This is the second in our series of comparing the current roster to the 2013 cast. For our look at the offense remodeling, go here. Today, we look at the revamped starting rotation.

The 2013 Yankees featured a starting rotation that put up the 13th-best ERA (4.08) in MLB over 13th-most innings (970). Skill-wise, they were equally run of the mill with the 16th-rated xFIP (3.90) and 11th-rated FIP (3.88). All told, the starters were credited with 472 total runs allowed (17th).

The Yankees will return three of those starting pitchers: CC Sabathia, Hiroki Kuroda, and Ivan Nova. Despite the failed predictions of some overconfident naysayers, (like this idiot) they will be joined by “potential #3 guy“, Masahiro Tanaka, and a PTBNL. Let’s see if we should expect the extra money to translate into improved performance. (2014 ERA/IP represent Oliver’s projected ERA and Innings Pitched):

#1
2013: CC Sabathia (4.78 ERA, 211 IP)
2014: CC Sabathia (3.74 ERA, 216 IP)

Everyone believes Tanaka will be the big shot in the arm for the Yankees rotation, but the most significant improvement is likely to come right here — from 2013 Sabathia to 2014 Sabathia.

CC was Girardi’s workhorse again last year, pitching over 200 innings for the 7th straight year (fun fact: the only pitcher with a longer current streak of consecutive 200+ IP seasons is Mark Buehrle with 13 straight!). It’s true that he is in decline. Sabathia is never again going to throw the 240 inning seasons he did in his prime. His strikeout, walk, and groundball rates have all fallen off.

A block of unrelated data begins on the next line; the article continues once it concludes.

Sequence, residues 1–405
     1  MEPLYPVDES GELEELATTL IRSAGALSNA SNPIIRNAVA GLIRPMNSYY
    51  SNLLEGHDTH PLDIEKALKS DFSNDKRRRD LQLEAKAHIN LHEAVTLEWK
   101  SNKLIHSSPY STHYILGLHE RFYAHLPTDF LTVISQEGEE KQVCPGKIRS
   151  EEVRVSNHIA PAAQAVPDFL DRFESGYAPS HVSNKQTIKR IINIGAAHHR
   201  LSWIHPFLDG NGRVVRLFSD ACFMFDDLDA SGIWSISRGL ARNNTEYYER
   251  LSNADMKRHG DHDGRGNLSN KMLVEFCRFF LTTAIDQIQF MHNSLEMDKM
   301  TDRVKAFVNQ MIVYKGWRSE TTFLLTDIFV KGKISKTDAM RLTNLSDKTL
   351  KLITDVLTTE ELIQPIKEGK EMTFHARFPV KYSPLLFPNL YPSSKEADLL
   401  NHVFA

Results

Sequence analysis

However, the big takeaway here is that Sabathia’s ERA was an illusion created by a high HR/FB rate (13%) and a very low strand rate (67%). CC’s weight appears to have already regressed towards league average. Expect his other numbers to regress a bit towards his career average and for Sabathia to contribute a full WAR to 2 WAR more than in 2013.

#2
2013: Hiroki Kuroda (3.31 ERA, 201 IP)
2014: Hiroki Kuroda (3.74 ERA, 205 IP)

Kuroda ended up being the true ace of the staff last year. He’s been an incredibly reliable pitcher since coming over from Japan in 2008. He’s only missed significant time due to injury once in his MLB career — a 117 inning campaign in 2009. Other than that blip, he’s never pitched less than 183 innings and he’s had three consecutive campaigns of 200+ IP. He’s also posted ERAs below 3.40 for four straight seasons.

You can’t expect much more out of Kuroda as he enters his age 39 season, but he just shows no sign of getting worse. Kuroda is one of the most under-appreciated players in the league. Expect him to hold serve and give the Yankees an advantage over almost every other team at the #2 slot.

#3
2013: Andy Pettitte (3.74 ERA, 185 IP)
2014: Masahiro Tanaka (2.59 ERA, 205 IP)

It’s tough to find any scout who thinks he’ll be worse than a #2 pitcher. By all accounts, we will see one of the best splitters in the world — an extreme groundball-inducing pitch that is surely making AL East hitters sweat. Tanaka also reportedly has a top notch slider to go along with a solid low-90’s fastball that he spots on both corners. He also mixes in a slow curve. There’s a consensus that he’s a very smart pitcher. Maybe they’re just saying that because he’s Asian, but he should be fun to watch.